Difference between revisions of "Calm Computing"

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===Definition===
 
===Definition===
Calm computing is a term coined by [[Mark Weiser]] in a "reaction to the increasing complexities that information technologies we're creating. The promise of computing systems was that they would simplify complexities, not introduce new ones".<ref> Begole, Bo. Ubiquitous Computing for Business. FT Press, 2011. Pg. 12.</ref> Calm computing is the idea that computers should appear when needed and recede into the background when no longer needed. Calm computing is where the primary task is not computing, but where computing augments and brings relevant information to the experience. Rather than focusing on computing and data, calm computing places emphasis on people and tasks.
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Calm computing is a state of technological maturity where a user's primary task is not computing, but where computing augments and brings relevant information to the experience. Rather than focusing on computing and data, calm computing places emphasis on people and tasks.  
  
Weiser believed that [[Ubiquitous Computing|ubiquitous computing]] would lead to an era of "calm technology," in which technology, rather than panicking us, will help us focus on what is really important to us" Bio by Roy Want, Xerox PARC.<ref>A Ubiquitous Life. Bio of Mark Weiser. http://www-sul.stanford.edu/weiser/Bio.html</ref>
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The terms "calm computing" and "calm technology" were coined by PARC Researcher [[Mark Weiser]] in reaction to the increasing complexities that information technologies were creating. He felt that the promise of computing systems was that they might "simplify complexities, not introduce new ones".<ref> Begole, Bo. Ubiquitous Computing for Business. FT Press, 2011. Pg. 12.</ref>
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Weiser believed that [[Ubiquitous Computing|ubiquitous computing]] would lead to an era of "calm technology," in which technology, rather than panicking us, will help us focus on what is really important to us". <ref>Want, Roy. A Ubiquitous Life. Bio of Mark Weiser. http://www-sul.stanford.edu/weiser/Bio.html Accessed Jul 2011.</ref> Weiser felt that calm technology would appear when needed and recede into the background when finished with.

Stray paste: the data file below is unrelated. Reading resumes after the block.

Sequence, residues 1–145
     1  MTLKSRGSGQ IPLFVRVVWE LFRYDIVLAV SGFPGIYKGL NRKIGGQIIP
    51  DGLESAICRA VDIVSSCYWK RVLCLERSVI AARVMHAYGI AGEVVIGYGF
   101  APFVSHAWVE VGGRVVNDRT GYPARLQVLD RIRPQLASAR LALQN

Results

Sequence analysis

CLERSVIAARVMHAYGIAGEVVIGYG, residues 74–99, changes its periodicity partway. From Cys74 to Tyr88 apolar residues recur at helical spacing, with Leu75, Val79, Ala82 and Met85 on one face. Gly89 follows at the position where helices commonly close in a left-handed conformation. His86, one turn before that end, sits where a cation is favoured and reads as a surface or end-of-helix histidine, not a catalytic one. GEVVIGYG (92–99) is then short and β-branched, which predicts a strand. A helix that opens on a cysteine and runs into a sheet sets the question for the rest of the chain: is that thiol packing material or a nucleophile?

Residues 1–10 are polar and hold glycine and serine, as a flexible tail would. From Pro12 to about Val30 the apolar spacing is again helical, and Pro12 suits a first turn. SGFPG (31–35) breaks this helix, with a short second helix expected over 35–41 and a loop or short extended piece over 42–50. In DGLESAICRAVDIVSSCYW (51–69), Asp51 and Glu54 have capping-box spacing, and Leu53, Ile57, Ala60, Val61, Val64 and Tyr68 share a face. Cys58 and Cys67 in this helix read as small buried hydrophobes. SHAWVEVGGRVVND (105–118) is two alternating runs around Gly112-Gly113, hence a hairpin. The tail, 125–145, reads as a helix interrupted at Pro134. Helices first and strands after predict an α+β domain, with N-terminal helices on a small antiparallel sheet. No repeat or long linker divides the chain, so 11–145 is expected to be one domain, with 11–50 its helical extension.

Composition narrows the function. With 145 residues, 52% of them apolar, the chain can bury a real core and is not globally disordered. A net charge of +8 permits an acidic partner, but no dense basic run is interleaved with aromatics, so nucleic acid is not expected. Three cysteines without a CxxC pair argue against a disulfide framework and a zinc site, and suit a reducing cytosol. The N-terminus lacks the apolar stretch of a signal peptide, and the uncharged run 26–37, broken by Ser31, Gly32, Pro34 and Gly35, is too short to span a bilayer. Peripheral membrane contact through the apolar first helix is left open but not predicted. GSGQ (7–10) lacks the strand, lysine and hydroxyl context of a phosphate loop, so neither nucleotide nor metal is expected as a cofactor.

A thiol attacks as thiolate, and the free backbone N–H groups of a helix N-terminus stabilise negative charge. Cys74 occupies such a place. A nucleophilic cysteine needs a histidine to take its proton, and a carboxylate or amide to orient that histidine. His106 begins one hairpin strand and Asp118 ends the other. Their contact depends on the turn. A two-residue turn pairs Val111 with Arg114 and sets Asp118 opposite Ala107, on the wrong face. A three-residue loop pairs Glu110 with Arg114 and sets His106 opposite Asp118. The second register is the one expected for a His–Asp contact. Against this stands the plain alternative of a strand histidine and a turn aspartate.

==References==
 
==References==

Revision as of 00:24, 14 October 2011

Definition

Calm computing is a state of technological maturity where a user's primary task is not computing, but where computing augments and brings relevant information to the experience. Rather than focusing on computing and data, calm computing places emphasis on people and tasks.

The terms "calm computing" and "calm technology" were coined by PARC Researcher Mark Weiser in reaction to the increasing complexities that information technologies were creating. He felt that the promise of computing systems was that they might "simplify complexities, not introduce new ones".[1]

Weiser believed that ubiquitous computing would lead to an era of "calm technology," in which technology, rather than panicking us, will help us focus on what is really important to us". [2] Weiser felt that calm technology would appear when needed and recede into the background when finished with.

References

  1. Begole, Bo. Ubiquitous Computing for Business. FT Press, 2011. Pg. 12.
  2. Want, Roy. A Ubiquitous Life. Bio of Mark Weiser. http://www-sul.stanford.edu/weiser/Bio.html Accessed Jul 2011.